Mango Coconut Bread Pudding with Rum Sauce

When we had our cooking school in the Caribbean, this was the very favorite dessert we offered.  Even people who don't like bread pudding went for this dish.


1/2 loaf day-old bread, such as Italian or baguette (You can use more bread and simply increase the rest of the ingredients.  This recipe doesn't need to be precise.)

2-3 cups whole milk or 2% boxed milk*

2 tablespoons Butter Olive Oil

2 large eggs

1/2 cup light brown sugar or white sugar

1 cup ripe mango, diced (frozen and thawed is fine)

3/4 cup unsweetened shredded coconut

1 teaspoon cinnamon

1/2 teaspoon nutmeg, freshly grated if possible

1 teaspoon vanilla

1/2 teapoon salt

Rum Sauce

1 cup sugar, light brown or white

1/2 cup water

3/8 cup rum, white, dark or coconut (we like Mount Gay)

1 tablespoon sour orange or lemon juice

1 teaspoon vanilla

2 teaspoons cornstarch mixed with 1 tablespoon water

Spray a 9 or 10 inch casserole or cake pan with cooking spray.  Dice bread into 1/2 inch cubes.  Place bread in a large bowl and add 2/3 of the milk and butter.  Add as much milk as necessary to make the bread soggy but not sopping wet.  Let it sit about 5 minutes.  If the mixture still looks dry, add a little more milk.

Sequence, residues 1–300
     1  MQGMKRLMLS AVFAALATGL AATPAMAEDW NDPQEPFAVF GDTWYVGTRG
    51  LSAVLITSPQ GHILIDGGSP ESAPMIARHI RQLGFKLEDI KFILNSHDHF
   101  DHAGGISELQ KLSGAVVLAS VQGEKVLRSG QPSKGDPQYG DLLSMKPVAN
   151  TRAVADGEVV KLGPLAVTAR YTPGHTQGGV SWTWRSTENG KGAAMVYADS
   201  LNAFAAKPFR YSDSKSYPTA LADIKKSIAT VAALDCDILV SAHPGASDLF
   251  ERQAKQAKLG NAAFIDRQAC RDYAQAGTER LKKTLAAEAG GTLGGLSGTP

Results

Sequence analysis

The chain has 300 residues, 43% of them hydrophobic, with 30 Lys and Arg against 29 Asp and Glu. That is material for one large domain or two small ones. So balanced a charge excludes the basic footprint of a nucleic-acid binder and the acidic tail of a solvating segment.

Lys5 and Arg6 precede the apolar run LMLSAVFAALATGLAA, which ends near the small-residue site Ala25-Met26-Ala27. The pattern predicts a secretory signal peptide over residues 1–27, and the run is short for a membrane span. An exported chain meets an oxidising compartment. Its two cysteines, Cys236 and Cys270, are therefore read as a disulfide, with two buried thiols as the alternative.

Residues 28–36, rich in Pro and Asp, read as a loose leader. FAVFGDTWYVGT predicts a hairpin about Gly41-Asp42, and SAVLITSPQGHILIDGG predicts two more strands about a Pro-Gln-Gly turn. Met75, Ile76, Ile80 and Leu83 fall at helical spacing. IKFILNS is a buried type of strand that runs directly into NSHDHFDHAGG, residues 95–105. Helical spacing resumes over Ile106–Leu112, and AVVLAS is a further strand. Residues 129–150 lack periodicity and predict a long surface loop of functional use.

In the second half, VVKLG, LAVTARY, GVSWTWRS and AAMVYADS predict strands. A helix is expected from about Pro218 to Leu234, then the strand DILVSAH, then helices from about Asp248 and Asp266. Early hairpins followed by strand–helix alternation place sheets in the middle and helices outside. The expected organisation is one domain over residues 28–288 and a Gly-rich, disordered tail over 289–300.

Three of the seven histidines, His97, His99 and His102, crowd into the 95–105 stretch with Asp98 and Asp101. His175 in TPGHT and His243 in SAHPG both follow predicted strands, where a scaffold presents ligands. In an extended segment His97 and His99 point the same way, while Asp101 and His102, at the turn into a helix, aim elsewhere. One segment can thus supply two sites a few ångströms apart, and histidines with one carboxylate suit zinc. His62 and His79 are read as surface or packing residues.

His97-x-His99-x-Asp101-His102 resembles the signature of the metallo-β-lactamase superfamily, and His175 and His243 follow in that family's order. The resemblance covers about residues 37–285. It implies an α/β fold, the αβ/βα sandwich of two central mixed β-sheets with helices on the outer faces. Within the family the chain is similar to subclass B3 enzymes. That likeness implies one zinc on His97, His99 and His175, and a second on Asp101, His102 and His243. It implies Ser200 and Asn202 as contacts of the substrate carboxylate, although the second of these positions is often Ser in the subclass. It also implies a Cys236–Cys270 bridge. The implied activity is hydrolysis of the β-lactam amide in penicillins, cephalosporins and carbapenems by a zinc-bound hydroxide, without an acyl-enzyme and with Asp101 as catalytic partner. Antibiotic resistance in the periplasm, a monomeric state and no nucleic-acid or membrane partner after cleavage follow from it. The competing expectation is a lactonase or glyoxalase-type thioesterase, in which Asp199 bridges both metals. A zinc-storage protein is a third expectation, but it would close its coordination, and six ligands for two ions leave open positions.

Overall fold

Whisk eggs lightly.  To the eggs, add the sugar, mango, coconut, cinnamon, nutmeg, vanilla, and salt.  Gently mix the egg mixture in with the bread and milk.  Pour into the prepared pan.  Bake at 375 degrees for 35-45 minutes.  Serve warm or at room temperature with rum sauce drizzled on top.

To prepare the rum sauce, combine the sugar, rum, juice, vanilla and water in a small saucepan over medium heat until sugar is dissolved and starts to bubble.  Whisk in the cornstarch mixture and cook until sauce just slightly thickens, about 2-3 minutes.  Serve warm or cold.

*Shelf stable boxed milk (or box milk as we called it in the Caribbean) is slightly thicker than fresh milk so you can use a lower fat content box milk to replace higher fat content fresh milk.  Since there are few cows in the Caribbean, we relied on boxed milk during hurricane season when the milk boat from the US couldn't dock because of high winds.  Who knew that was a problem.  We used a lot of this milk since it's great for cooking!